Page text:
This novella is the first piece of my novella series, called Cinderlight. The novellas published so far aren’t in chronological order, but if you want the full picture regarding the protagonists’ lives and adventures, you can read the previous parts here: Fay, Family Visit and Revival.
After that last battle Alexander needed some time alone. That is why he was now wandering in the forest, where the colorful autumn trees were his only company. He was well aware of the dangers of roaming around just on his own. Was it a good or a bad sign that he did not care? He long shed all his stripes and insignia, he looked like exactly as any private under his command. So he supposed he was as safe as any of these days.
The forest was eerily silent, the birds, foxes boars and who knew what other kind of animals were long scared and chased away from the woods. And it was far too cold for any insect to be left to critter. Just what he needed, silence and solitude. The cannon booms still hadn’t left his ears as the smoke of the battle also lingered in his nostrils.
Slowly he felt his normal self to return. The one who wasn’t jittery, who wouldn’t jump at any noise, who wouldn’t shoot first and ask questions later. He felt almost civil again. Almost. And then he heard the calamities nearby. Muffled shouts and noises caused by struggling bodies. What? May that be spies in their side of the woods? How could they let them get so close?
Before he could stop himself, he altered his track and set for the direction of the noises. He only had his revolver with him, one more irresponsibility from his side. But if he could get close to the source of the noises stealthily enough, he may gather some information to be used in their advantage later.
He soon arrived to a clearing among the trees, and great was his surprise to find his own men there. Two were restraining a third, his face bruised, his arms tightly tied up before him and with a noose around his neck, and a forth soldier on the verge of pulling the unfortunate one off from his feet, up to the tree.
„What the bloody hell are four of my men up to in this deep into the woods?” He asked. His deep rumble startled the soldiers.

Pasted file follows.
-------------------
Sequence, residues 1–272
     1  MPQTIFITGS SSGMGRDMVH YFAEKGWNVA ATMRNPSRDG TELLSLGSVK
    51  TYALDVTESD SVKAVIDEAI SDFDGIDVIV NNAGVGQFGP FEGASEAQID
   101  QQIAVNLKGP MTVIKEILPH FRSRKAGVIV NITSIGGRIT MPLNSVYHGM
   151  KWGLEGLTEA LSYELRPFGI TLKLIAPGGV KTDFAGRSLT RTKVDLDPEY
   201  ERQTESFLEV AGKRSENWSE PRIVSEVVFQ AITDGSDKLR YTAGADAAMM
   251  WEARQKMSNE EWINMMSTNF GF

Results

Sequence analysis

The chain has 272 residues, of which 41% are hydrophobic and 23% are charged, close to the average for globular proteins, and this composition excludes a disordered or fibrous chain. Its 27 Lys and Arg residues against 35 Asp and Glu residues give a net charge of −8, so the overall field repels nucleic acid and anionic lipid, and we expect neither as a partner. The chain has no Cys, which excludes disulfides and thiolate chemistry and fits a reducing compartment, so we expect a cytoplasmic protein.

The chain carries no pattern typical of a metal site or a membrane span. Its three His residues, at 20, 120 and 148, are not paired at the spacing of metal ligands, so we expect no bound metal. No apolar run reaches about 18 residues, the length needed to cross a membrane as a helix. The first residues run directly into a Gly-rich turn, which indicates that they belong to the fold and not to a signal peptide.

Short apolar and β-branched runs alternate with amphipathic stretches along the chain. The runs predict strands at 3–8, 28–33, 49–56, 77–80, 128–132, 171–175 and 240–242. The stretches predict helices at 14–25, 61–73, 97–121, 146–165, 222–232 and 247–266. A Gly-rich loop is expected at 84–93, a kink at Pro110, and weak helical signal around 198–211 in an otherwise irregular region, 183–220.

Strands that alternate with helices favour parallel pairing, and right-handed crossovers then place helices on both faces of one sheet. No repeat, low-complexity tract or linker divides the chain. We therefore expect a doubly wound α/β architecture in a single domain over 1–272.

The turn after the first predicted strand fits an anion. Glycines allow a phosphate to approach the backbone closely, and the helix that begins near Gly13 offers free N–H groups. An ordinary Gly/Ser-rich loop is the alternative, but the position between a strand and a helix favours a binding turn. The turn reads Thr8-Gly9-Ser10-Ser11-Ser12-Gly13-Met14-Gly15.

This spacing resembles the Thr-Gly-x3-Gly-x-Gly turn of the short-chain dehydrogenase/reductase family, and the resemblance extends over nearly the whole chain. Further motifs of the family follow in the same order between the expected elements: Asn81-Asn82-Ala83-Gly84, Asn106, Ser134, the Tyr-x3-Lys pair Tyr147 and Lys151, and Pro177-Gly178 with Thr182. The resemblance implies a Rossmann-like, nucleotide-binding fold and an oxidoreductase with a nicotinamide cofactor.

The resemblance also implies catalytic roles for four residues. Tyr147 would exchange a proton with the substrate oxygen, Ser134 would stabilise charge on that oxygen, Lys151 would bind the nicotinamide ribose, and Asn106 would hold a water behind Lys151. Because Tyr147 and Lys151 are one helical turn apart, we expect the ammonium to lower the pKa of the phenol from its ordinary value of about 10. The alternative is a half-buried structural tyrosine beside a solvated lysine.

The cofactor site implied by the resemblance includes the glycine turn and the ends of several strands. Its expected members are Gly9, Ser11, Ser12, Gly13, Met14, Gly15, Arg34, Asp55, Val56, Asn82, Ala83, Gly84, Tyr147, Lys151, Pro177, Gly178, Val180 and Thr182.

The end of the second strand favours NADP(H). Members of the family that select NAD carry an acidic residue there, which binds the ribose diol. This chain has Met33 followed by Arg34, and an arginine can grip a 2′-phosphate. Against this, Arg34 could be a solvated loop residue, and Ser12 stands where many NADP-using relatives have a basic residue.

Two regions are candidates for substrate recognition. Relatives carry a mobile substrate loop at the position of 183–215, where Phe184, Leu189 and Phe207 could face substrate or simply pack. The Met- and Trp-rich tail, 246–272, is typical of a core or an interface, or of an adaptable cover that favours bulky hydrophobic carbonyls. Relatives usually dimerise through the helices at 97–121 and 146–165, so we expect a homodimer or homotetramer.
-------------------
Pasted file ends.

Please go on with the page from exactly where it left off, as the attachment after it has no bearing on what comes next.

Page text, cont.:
„Hanging the witch, Captain…?” It was voiced very carefully, warily even, the soldier’s face guarded. It wasn’t really a question, but was not a statement either.
You should hang the bloody Fay… He kept this thought to himself, he couldn’t imagine to explain about an apparition tormenting him during his disturbed sleep lately. He said instead „What witch? I only see a ruffled soldier like anyone” of us he wanted to finish, but one of the men interrupted him.
„With all due respect, Sir” he said „if he’s not a witch he well might be a spy. He told us this morning that our eastmost trench may be ambushed later today, and that the enemy may break through our lines.”
„And this is what had happened exactly” added an other one.
„I know. But I still fail to see your point. Everyone in their right mind know that the eastmost trench is very inviting for the enemy. Our medical bay is close with all its supplies as the kitchen ward and our food. There were ambushes lately. They even managed to damage the trench walls with all their shell-fire…”
„That’s right, Sir” and Alexander was interrupted again „but he sent thirty men there to make them mend the walls. That was when the next wave of attack hit us. The weakened wall got blown to the skies, and everyone there just vanished under the piles of dirt. When we managed to dug them out, they were all dead. So you see… he had to know they were coming or maybe he was the one conjuring the attack.”